Fallout from era of Falwell
IN a week filled with interesting political stories, two stood out because they have more than a sevenday shelf life and suggest something important about the way the American media cover politics today.
One, of course, was the death of the fundamentalist preacher Jerry Falwell, a founding father of the religious right. The other is the continuing sniping at Republican presidential candidate Mitt Romney over his adherence to the Mormon faith. What the political press seems reluctant — in fact, unwilling — to entertain is the idea that Romney’s ordeal is, in large part, a consequence of Falwell’s legacy.
Regular readers of Regarding Media may recall that, back on Jan. 13, this column examined a number of articles on Romney’s religion by generally liberal commentators and concluded that “it’s been nearly half a century since our political journalism has witnessed anything quite as breathtakingly noxious and offensive as the current attempt to discredit” the former Massachusetts governor because of his faith.
“Romney comes from a political family,” the column said. “His father, George, was a liberal Republican, a supporter of civil rights and an opponent of the war in Vietnam. When Mitt
[ Romney, a one-time independent, ran as a Republican against Sen. Edward Kennedy in 1994, he was pro-choice and opposed discrimination against homosexuals by the Boy Scouts. Since then, his adherence to the values of so-called social conservatism has increased along with his national political ambitions.
“Every bit of that record is fair game for inquiry and commentary. His private religious conscience, however he chooses to frame it, is not.”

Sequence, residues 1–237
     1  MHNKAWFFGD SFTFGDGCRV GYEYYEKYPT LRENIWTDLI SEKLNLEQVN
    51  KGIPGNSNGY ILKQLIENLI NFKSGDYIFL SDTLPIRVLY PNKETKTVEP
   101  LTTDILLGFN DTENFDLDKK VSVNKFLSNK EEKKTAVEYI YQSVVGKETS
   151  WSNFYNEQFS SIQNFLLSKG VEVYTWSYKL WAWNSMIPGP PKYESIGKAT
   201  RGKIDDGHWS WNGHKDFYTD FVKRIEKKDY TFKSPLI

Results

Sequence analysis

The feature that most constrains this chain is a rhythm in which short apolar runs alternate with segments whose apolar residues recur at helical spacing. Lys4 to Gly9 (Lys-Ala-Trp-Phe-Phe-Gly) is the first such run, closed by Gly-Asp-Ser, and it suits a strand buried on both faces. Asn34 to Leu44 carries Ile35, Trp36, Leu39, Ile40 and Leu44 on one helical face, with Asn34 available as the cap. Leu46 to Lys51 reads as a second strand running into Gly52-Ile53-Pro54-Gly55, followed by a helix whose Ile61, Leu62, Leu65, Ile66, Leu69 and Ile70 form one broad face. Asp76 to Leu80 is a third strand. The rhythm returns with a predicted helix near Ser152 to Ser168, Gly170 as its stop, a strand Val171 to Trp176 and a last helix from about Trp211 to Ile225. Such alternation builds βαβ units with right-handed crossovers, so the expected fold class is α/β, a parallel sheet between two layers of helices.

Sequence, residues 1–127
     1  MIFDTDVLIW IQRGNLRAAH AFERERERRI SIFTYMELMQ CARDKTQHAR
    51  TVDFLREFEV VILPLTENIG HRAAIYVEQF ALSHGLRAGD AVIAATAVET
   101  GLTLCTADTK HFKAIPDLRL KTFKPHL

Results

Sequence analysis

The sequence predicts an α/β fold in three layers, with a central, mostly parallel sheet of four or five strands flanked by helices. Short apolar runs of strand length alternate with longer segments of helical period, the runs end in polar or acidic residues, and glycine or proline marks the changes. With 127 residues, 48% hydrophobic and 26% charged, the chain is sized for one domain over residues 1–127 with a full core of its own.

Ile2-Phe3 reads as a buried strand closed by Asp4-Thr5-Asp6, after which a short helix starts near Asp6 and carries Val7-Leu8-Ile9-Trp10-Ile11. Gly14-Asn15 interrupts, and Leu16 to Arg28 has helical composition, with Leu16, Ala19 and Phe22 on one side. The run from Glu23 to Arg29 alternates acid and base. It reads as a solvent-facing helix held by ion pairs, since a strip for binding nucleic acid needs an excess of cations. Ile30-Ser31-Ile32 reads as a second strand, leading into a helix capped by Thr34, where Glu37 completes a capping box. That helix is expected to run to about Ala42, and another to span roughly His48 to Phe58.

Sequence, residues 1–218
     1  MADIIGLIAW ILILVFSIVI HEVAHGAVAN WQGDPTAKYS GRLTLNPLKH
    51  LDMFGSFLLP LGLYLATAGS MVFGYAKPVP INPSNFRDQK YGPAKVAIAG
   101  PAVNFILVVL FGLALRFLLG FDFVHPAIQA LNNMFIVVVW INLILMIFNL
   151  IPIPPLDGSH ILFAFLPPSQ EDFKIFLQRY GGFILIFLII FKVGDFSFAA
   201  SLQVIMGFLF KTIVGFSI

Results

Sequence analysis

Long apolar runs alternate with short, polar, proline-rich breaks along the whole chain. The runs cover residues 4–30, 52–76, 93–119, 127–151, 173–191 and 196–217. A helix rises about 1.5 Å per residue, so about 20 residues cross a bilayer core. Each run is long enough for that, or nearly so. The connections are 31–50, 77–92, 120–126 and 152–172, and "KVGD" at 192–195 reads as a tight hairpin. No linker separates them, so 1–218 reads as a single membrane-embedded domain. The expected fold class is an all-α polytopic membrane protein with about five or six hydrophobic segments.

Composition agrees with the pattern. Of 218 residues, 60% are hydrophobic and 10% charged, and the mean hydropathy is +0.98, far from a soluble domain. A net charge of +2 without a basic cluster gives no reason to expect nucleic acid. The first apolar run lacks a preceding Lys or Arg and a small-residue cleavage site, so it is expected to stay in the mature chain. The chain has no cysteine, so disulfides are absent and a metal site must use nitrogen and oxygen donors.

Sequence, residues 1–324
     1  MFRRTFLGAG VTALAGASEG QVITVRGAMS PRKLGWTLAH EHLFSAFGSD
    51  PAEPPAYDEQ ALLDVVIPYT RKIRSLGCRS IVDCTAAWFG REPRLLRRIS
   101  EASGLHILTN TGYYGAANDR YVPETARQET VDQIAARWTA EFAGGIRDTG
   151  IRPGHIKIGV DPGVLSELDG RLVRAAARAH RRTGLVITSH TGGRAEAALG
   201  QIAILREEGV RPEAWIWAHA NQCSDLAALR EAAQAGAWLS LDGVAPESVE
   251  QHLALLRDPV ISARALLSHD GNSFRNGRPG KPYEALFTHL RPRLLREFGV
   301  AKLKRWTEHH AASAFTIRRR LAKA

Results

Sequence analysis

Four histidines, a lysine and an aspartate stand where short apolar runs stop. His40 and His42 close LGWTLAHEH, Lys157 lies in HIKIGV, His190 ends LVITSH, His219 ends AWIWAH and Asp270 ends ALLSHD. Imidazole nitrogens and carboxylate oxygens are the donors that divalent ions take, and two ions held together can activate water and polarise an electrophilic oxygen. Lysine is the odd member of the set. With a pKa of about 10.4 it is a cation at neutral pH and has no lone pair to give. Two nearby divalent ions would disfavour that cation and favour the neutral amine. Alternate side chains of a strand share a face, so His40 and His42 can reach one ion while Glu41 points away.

Since then, it’s migrated from the opinion columns into campaign reporting. During the last few months, the political press corps has demanded that this guy — a successful businessman and politician, though hardly a theologian — explain his views on everything from the Mountain Meadows massacre to polygamy.
You’d swear he was auditioning for a part on “Big Love” rather than running for president. It’s as if Roman Catholic candidates were being asked to declare where they stand on the slaughter of the Albigensians or the trial of Galileo. Why not demand that Presbyterian candidates declare their views regarding the excesses of John Calvin’s theocratic Sparta in Geneva? Let’s ask Episcopalians to account for the execution of the London Carthusians or Lutherans for Martin Luther’s antiSemitism.
Then there’s the low-level ridicule, masquerading as humor.
Friday, for example, Peggy Noonan, who wrote speeches for Ronald Reagan and now comments for the Wall Street Journal, had this to say about one of the week’s big political stories: “Having watched the second Republican debate the other night, it’s clear to me the subject today is Fred Thompson, the man who wasn’t there. While the other candidates bang away earnestly in a frozen format, Thompson continues to sneak up from the creek and steal their underwear — boxers, briefs and temple garments.”
Noonan, of course, can have no idea whether Romney wears the undergarments prescribed for devout Mormons, and why make him the only candidate identified by his religion? An instinct for the cheap laugh . . . maybe . . . or perhaps a not-sosubtle appeal to something that really ought to concern American political writers and commentators.
AS the reliably nonpartisan Pew Research Center reported this week, “National polling organizations show strong public misgivings . . . about any presidential candidate who belongs to the Mormon Church.” Pew’s most recent survey found that 30% of the American public is less likely to support a candidate if that candidate is a Mormon. Three months ago, Gallup reported that 46% of its respondents had an unfavorable opinion of the Mormon religion. That was the highest unfavorable impression Gallup turned up, as only 25% said they held a similarly negative view of Muslims, while 14% said they had a bad impression of Catholics and 7% were ill-disposed toward Jews.